*This review contains some spoilers. If you haven’t watched Parasite and want to, here’s the link.*
There are no villains in Bong Joon Ho’s Parasite.
Nor are there heroes.
It’s one of those movies that doesn’t unfold in black and white, but in shades of gray.
Parasite is also a modern fairytale, a fable, if you will. As such, it requires a certain suspension of disbelief. Could the events that unfold during the film happen in real life? Most likely not. Moreover, whether or not they could, they probably wouldn’t. Because, paradoxically enough, the characters who make up the impoverished Kim family are the sort of people who, in the real world, probably wouldn’t be impoverished for long. They’re pretty hard-working. Besides that, they’re cunning and enterprising — and ruthless. They’re the type of people found in criminal underworlds, but also in car sales and courtrooms.
Very brief plot summary: The impoverished Kim family takes over the roles of household staff for the wealthy Park family. The son, Ki-woo “Kevin,” becomes the English tutor for the Park daughter, Da-hye. Ki-jung “Jessica,” the daughter in the Kim family, becomes the art tutor and therapist for the Park son, Da-song. The Kim father, Ki-taek, becomes the driver from Mr. Park. And the Kim mother, Chung-sook, becomes the housekeeper, supplanting the long-time employee Moon-gwang. As much as the Kim family comes to believe they can have what the Park family has, they never will — and there’s a secret lurking in a hidden bunker beneath the Park house.
My point here is to enumerate to you the ways in which Parasite is a rare movie and one worth watching. As I said up top, this review contains minor spoilers. So if you want to watch first and read later, get that movie rolling now. Otherwise, here are three ways in which Parasite is not your average film.
1. Parasite lives up to the hype.
Parasite was one of the most hyped-up films of 2019, even before it won the Academy Award for Best Picture. I was a tiny bit reticent to watch it, since sometimes movies simply fail to live up to the hype, or are hyped for reasons that have to do with casting and construction, not with plot and substance.
For example, it’s wonderful that Crazy Rich Asians has an all-Asian cast, but in the end it’s a cut-and-dry rom-com. Ditto to Black Panther — I love that this movie with features so many Black actors and actresses, but it’s a superhero movie, pretty similar to other superhero movies. And I don’t say this to diminish the initial choice of what story to tell, which is perhaps the most important aspect of these pioneering films, nor do I mean to diminish their casting — and I think that they open the door for more great work to come. But, in a colorblind world, they wouldn’t necessarily be remembered as great films from a plot standpoint.
Just as Jordan Peele’s Get Out is different, Parasite is different, too. Its plot is intricate, even threatens to fall of the rails at times, threatens to take one twist too far. And it’s a movie that has something to say about the world. It’s one of the best movies I’ve watched in a long time, and I’m guessing that it’ll be remembered for a number of reasons — not only because it was the first non-English-language film to win an Academy Award for Best Picture, but also for its story and its messages as Korean society, and Western society, strides into a late-stage capitalist future.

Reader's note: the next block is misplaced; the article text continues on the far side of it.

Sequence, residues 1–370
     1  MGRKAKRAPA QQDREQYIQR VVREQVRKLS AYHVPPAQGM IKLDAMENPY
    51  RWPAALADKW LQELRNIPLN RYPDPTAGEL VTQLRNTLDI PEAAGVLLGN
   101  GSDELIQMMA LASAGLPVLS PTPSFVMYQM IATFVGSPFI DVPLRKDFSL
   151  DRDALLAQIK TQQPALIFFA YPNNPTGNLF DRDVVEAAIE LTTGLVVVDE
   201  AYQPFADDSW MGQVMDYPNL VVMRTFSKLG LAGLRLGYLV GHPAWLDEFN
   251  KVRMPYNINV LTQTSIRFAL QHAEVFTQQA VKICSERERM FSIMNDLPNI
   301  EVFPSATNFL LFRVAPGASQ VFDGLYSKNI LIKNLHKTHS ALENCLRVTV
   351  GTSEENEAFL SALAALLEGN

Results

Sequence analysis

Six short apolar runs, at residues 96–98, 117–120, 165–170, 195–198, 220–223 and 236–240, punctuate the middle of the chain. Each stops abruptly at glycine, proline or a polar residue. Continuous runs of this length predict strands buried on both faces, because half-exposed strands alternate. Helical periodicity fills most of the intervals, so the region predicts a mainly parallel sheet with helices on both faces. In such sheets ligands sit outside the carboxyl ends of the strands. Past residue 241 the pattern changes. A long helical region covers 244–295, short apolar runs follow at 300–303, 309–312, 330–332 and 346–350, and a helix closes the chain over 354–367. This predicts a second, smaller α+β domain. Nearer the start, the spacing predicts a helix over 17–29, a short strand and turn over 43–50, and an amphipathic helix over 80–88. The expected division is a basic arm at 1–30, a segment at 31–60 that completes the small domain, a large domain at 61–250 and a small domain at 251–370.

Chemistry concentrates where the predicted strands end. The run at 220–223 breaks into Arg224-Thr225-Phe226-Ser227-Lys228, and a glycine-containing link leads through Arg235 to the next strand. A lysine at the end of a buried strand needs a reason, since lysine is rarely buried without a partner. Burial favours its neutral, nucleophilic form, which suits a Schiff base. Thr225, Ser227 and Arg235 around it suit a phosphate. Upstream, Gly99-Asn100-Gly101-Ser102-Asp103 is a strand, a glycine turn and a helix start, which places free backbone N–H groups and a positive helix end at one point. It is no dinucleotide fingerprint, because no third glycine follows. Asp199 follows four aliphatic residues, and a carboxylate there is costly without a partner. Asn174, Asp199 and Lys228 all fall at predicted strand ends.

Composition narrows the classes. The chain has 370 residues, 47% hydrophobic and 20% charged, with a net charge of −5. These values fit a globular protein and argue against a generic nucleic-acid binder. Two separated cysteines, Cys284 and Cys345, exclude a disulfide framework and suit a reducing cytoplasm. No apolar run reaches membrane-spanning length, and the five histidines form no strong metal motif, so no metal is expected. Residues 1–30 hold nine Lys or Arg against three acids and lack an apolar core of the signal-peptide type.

2. Parasite lets you figure it out… then leaves you guessing again.
For a couple minutes near the start of the film, I thought that Parasite would chronicle the conflict between two friends, the poor Ki-woo and the wealthy Min-hyuk, who early on recommends that Ki-woo tutor Da-hye, the daughter of the wealthy Park family with whom Min-hyuk has fallen in love.
Then, I was sure that Parasite would be a simple but entertaining film about how a poor family weaves itself, like a parasitic vine, into the life of a rich family. The two families, it turns out, are equally parasitic.
Near the end, I thought that the movie would end with a bloody massacre, testament to domestic terrorism rising out of class conflict. But the movie ends on an even darker note…
3. Parasite has a dark message and a tragic ending.
Somewhere along the line, after it’s opened a commentary about “the help” and “the helped,” Parasite takes a violent turn. The former housekeeper Moon-gwang’s husband, Geun-sae, has been hiding from loan sharks in a secret underground bunker attached to the Park home. Once upon a time, the Park son, Da-song, saw him emerge, thought he was a ghost, and suffered a seizure.
In Parasite, poverty has a smell. It’s a stinking, basement smell. The poor live in basements and secret bunkers, the rich in large, open, luxurious houses with backyards full of grass and garages packed with Mercedes cars. Once it’s pointed out, everyone seems to become sensitive to the smell of poverty. Parasite is, in the end, a fable about social class and social disparity. It’s a deeply tragic, deeply depressing film. I won’t spoil the very end — I’ll leave that for you to ponder, if you’ve watched the movie, or for you to find out, if you haven’t.
The thing is, I’m sure there are some who wish Parasite spoke boldly about socialism or Communist revolt. It could, with a few changes, but the bottom line is it doesn’t. The two poor families are, if anything, even more at odds with each other than either is with the rich family. Eventually, all three families are destroyed. The message is dark, not uplifting, a Hobbesian view of the world. We don’t cooperate — we destroy each other.